Everyone knows that person. The person that just doesn’t know when to take a break; the person who has absolutely no social interaction unless it’s on the phone with a fellow coworker or hopeful client; the person that would rather pile up those vacation days rather than utilize them for an occasional two to three day break. If this person describes you at all, then you’re most likely an overambitious workaholic. Although this can be a positive trait that could drive you to success, it may also be driving your health into the ground.
Working long hours can greatly increase your risk of a stroke, according to a study performed at University College in London, England. This study involved over 600,000 individuals and resulted in the discovery of the fact that those who worked over 55 hours a week were at 33% more risk of a stroke than those who worked the typical 40-hour work week. Results also showed that the risk of a heart attack increases by 13%. These overwhelming working conditions tend to lead to more stress, which the body then has to adjust to. Charles Raison, MD, professor of psychiatry for the University of Wisconsin, describes that if you overwork yourself on a weekly basis and keep your stress levels high, “the body begins to accommodate that chronic stress, and almost none of the effects are good.” Another specialist chimed in, Ralph Sacco, MD, a neurologist and past president of the American Heart Association. He stated, “One of the biggest things we know (is) that people who are stressed — whether it’s individual family stress, economic stress, or social stress — can increase blood pressure, and the risk of heart disease and stroke. It can also increase the risk of depression, and depression itself is related to an increase in stroke and heart disease.”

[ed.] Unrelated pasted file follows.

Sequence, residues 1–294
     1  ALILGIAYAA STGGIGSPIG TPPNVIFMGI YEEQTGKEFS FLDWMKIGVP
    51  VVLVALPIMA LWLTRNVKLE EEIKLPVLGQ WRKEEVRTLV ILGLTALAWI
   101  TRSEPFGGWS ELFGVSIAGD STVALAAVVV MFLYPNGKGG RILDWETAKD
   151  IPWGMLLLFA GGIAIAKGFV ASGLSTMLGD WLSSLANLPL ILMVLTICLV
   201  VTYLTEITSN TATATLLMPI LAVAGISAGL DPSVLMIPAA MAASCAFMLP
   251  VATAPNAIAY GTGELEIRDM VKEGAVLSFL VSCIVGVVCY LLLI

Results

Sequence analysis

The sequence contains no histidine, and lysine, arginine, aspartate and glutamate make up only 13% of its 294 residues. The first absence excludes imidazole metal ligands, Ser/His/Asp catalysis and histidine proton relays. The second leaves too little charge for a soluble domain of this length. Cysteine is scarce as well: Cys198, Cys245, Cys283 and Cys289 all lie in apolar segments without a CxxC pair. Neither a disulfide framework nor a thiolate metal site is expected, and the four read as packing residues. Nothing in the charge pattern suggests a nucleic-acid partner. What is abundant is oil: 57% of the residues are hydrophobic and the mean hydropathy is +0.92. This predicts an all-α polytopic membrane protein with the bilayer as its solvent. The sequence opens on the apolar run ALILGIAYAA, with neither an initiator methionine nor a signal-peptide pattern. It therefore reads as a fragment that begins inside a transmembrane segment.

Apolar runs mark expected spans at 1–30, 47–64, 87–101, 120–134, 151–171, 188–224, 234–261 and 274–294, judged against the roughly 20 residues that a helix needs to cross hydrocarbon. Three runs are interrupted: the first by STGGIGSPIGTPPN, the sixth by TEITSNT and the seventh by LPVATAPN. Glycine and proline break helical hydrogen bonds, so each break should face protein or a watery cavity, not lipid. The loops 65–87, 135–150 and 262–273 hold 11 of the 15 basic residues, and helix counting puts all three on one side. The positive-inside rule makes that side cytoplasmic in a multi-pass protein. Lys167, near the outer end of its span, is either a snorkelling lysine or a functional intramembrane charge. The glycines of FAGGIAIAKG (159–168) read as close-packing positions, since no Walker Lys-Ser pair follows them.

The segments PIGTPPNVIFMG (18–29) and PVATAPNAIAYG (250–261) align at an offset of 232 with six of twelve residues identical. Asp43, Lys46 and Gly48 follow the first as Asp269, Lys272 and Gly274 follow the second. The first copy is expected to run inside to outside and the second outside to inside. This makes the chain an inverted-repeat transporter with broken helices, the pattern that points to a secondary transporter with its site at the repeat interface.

Best recommendation that can be made is to stop putting off those vacation days and start putting up your feet. Relaxation is the best medicine against stress. To get away from the workplace and shut yourself out of that stressful environment can pay dividends in dropping your blood pressure and enhancing your overall mood. Dr. Raison further validated this advice when he stated, “I recommend taking all of your vacation time.” These vacations don’t have to be extensive. Just a small amount of vacation time, such as a couple of days, can be greatly beneficial. It is important to spread out these breaks from work on your calendar to avoid a “stress relapse”. This is due to the fact that most stress will be retained in full force upon return to the workplace. While on vacation you can still experience stress just by looking at your phone or turning on the computer. It is important to keep stressful things off your mind and enjoy yourself. “It’s so important, for at least a number of those days, to get off of cell phones if you can. No texting, no emails,” says Dr. Raison.
Some other profitable ways to ease stress are meditation and taking walks. Just take the time every now and then to step outside and breathe in the fresh air. Get your mind off things and relax. “The bottom line,” says Raison – “don’t be afraid to take it easy sometimes. Not taking time off is like breaking your leg and continuing to walk on it. You have to get rest, and if you do it right, you may actually end up being more productive at work.”
Sloane, Matt. “Could All Work and No Play Hurt Your Health?” WebMD. WebMD, 1 Sept. 2015. Web. 03 Sept. 2015.